|Breast cancer is the most common cancer diagnosed in American women, excluding skin cancers. Though rare, men also can be diagnosed with breast cancer.
Being a woman and getting older are the greatest risk factors for developing breast cancer. But inherited changes in genes – such as BRCA1 or BRCA2 – and prior radiation exposure can also increase risk. Racial disparities exist in mortality. Despite a similar incidence, mortality from breast cancer among black women is 40% higher than that of white women, according to the American Cancer Society.
The U.S. Preventive Services Task Force currently recommends biennial screening mammography for women aged 50-74 years, though they caution about the harms of overdiagnosis with regular screening.
A pathologist typically confirms a breast cancer diagnosis after a biopsy and identifies the cancer as either luminal A (HR+/HER2–), luminal B (HR+/HER2+), HER2-enriched (HR–/HER2+), or triple negative (HR–/HER2–). The biopsy may be used to look for other biomarkers, such as a BRCA mutation, and to determine recurrence scores, based on further genomics of the tumor. Broader genomic testing, to guide treatment, is currently under debate.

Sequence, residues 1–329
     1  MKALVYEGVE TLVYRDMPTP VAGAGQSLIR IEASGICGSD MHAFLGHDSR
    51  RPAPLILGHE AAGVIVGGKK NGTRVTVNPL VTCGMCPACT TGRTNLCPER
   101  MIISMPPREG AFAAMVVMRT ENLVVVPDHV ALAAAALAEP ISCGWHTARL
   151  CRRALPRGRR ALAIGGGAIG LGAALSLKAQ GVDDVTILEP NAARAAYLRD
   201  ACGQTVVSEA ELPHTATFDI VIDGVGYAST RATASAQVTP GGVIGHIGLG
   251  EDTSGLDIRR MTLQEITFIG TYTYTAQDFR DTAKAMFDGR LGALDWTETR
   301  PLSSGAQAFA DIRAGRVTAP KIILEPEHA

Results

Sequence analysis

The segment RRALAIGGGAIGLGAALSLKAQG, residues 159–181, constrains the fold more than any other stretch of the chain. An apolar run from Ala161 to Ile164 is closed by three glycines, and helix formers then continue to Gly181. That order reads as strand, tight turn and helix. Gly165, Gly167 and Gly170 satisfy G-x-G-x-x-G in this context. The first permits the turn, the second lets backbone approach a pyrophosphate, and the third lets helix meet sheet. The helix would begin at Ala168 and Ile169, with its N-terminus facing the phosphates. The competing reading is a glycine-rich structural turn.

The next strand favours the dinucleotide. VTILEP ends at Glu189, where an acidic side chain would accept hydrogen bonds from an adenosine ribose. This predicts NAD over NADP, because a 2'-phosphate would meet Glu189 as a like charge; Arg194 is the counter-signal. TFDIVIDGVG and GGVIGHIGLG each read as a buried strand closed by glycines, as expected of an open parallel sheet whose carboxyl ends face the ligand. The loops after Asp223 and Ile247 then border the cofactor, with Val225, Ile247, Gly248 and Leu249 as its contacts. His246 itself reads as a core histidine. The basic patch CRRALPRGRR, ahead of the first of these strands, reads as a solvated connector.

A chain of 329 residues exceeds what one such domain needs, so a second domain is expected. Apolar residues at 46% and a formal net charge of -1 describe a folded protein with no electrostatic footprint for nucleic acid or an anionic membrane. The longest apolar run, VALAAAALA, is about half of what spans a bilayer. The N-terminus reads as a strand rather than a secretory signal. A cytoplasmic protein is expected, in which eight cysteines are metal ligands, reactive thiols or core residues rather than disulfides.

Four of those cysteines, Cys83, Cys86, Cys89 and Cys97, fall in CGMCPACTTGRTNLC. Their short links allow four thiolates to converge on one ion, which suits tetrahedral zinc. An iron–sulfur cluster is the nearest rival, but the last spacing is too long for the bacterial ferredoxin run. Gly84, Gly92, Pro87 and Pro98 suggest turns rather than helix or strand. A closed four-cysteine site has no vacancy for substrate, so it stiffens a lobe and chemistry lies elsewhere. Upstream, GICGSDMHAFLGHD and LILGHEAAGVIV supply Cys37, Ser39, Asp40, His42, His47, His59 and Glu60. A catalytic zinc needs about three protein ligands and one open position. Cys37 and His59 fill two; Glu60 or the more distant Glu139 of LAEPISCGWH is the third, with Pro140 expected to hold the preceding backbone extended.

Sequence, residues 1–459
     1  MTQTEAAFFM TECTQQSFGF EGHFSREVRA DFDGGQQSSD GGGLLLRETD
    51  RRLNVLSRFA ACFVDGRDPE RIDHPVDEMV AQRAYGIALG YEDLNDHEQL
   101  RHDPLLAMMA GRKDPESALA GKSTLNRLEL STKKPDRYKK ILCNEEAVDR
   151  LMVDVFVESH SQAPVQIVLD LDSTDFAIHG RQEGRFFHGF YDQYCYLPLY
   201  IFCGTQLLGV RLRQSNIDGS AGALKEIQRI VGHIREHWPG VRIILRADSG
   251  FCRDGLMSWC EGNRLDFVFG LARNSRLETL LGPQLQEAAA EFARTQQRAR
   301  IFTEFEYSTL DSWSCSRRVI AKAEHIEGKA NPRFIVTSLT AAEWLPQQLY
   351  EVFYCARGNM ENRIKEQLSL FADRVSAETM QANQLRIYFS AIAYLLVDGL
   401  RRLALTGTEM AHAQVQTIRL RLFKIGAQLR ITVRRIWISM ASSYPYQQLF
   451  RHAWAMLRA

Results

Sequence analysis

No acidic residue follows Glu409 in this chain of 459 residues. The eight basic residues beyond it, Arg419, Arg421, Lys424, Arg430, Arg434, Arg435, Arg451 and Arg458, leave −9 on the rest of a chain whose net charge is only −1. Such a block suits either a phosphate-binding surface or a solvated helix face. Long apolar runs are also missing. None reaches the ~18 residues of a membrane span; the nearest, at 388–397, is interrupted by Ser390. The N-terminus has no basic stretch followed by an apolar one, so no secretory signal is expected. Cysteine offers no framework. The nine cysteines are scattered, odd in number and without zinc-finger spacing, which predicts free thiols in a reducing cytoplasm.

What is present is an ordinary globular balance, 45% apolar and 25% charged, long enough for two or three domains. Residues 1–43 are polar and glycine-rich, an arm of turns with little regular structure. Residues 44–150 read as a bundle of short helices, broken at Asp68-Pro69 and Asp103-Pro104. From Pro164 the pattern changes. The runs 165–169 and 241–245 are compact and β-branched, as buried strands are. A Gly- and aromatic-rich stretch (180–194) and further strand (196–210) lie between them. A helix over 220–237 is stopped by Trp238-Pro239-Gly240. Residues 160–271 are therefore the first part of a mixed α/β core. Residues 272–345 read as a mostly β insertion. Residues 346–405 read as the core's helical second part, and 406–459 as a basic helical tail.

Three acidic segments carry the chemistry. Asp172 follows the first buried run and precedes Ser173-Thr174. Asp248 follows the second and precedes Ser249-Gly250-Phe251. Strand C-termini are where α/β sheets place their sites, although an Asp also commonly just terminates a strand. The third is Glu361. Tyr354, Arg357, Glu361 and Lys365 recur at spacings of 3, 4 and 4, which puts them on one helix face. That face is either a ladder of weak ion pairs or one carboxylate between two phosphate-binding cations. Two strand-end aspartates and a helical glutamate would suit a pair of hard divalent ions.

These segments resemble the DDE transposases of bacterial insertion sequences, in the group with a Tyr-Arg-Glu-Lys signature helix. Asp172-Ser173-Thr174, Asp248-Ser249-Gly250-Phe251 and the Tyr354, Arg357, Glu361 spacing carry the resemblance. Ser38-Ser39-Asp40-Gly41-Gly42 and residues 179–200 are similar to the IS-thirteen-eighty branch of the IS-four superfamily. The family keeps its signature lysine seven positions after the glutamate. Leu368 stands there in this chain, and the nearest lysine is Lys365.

|Primary breast cancer, which has not spread to distant sites, is treated with a combination of surgery, radiation, chemotherapy, HER2-directed therapy, and/or hormonal therapy, depending on biopsy findings and clinical factors.
About 6% of those diagnosed with breast cancer are diagnosed with de novo metastatic breast cancer. The disease has spread beyond the breast, most typically to the bones, lungs, liver, or brain. Others with metastatic spread of the disease are diagnosed with a distant recurrence up to several years, even decades, after their initial breast cancer diagnosis. Treatment for metastatic disease can include HER2-directed therapy, hormonal therapy, immunotherapy, chemotherapy, and radiation therapy. Newer agents to treat metastatic disease include CDK 4/6 and mTOR inhibitors.
Methods for measuring disease progression in patients with advanced breast cancer continue to be refined. Circulating tumor cells and tumor DNA currently are being evaluated for monitoring disease and predicting response to treatment.